Lead in drinking water has been a big story in the news. As a results, you may have questions.
Here's a quick Q&A to help.
How can lead get into the water supply?
Studies show most lead in our drinking water does not come from your municipal water treatment plant. Instead, it comes from the materials containing lead coming into contact with water after it leaves the plant.
Things like lead service connections or lead solder used in copper piping could be the problem.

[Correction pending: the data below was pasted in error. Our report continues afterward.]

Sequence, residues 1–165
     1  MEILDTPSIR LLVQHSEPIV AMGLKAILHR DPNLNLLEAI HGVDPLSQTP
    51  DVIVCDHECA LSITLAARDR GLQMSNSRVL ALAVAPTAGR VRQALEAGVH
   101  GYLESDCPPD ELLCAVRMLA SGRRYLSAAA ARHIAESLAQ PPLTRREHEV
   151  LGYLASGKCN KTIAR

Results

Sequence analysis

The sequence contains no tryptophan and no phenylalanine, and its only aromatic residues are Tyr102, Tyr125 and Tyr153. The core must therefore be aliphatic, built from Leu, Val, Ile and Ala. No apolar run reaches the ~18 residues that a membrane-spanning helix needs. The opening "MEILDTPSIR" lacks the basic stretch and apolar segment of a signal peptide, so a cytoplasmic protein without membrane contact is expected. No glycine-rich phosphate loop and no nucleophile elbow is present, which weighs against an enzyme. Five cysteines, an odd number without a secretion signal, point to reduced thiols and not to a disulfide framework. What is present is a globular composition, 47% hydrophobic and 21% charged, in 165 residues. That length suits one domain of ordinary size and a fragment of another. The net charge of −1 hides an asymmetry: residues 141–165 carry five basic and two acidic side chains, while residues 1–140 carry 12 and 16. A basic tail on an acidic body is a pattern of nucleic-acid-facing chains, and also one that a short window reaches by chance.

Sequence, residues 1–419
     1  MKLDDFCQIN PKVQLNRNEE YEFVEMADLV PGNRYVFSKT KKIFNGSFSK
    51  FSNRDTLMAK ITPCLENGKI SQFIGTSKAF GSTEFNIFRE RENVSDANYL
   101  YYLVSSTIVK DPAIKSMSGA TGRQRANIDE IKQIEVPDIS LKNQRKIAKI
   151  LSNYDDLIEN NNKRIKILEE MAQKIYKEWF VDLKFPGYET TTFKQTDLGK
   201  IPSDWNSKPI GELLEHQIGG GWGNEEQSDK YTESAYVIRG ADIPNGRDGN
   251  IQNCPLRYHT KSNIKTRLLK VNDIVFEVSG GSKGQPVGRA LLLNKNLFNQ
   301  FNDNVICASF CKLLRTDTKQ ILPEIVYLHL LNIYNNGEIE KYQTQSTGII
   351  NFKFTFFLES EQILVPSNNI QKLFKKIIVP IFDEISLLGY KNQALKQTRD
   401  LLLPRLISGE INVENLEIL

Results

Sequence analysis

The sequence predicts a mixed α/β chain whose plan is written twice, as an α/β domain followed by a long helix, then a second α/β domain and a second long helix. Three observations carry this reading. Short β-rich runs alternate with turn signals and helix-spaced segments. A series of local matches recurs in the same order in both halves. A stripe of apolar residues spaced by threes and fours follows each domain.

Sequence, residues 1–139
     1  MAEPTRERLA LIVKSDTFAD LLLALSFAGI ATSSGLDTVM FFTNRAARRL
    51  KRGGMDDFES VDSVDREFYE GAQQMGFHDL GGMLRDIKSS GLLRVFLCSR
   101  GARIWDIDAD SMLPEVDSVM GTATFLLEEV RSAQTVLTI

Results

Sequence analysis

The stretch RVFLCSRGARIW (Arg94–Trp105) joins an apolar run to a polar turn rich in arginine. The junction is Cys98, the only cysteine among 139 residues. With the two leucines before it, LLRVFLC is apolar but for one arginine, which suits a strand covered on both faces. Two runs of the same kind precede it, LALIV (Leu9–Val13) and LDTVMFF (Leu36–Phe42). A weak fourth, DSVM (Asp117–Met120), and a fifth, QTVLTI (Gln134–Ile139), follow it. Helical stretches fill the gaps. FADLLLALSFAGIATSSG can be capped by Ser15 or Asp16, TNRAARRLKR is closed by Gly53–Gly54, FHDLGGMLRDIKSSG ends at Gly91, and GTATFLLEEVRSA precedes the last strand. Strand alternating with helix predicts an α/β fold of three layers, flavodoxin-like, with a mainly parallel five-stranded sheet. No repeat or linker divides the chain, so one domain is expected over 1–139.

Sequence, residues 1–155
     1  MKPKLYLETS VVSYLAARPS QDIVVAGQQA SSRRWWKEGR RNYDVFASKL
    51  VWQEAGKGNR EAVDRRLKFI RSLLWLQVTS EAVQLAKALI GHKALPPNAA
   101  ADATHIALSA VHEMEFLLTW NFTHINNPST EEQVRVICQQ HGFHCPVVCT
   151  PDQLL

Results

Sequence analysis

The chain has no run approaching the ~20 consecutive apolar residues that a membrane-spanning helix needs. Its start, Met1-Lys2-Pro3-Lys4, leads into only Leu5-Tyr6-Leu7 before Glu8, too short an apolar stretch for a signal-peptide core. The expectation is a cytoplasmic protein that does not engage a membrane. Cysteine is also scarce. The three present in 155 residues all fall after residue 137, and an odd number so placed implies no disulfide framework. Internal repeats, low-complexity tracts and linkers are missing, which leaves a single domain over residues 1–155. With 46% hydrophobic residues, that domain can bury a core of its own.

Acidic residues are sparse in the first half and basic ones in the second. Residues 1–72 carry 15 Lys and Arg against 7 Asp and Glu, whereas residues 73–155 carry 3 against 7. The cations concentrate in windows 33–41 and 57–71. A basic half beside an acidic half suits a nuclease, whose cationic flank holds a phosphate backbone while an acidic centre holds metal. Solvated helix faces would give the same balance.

Are there any symptoms of lead poisoning?
Actually, there may be none, although signs such as irritability or weight loss may occur.
Who's at the biggest risk?
Young children and pregnant women.
What are the effects of lead poisoning?
Reduced cognitive development and neurobehavioral deficits. To learn more about the effects of lead, read the information on the Centers for Disease Control’s (CDC) website:
Where can I go to get my water tested?
The EPA website is a resource to find EPA and state‐accredited laboratories that can perform a water analysis.
You can also find out more at our website WQA.org.
Get our lead fact sheet for more information.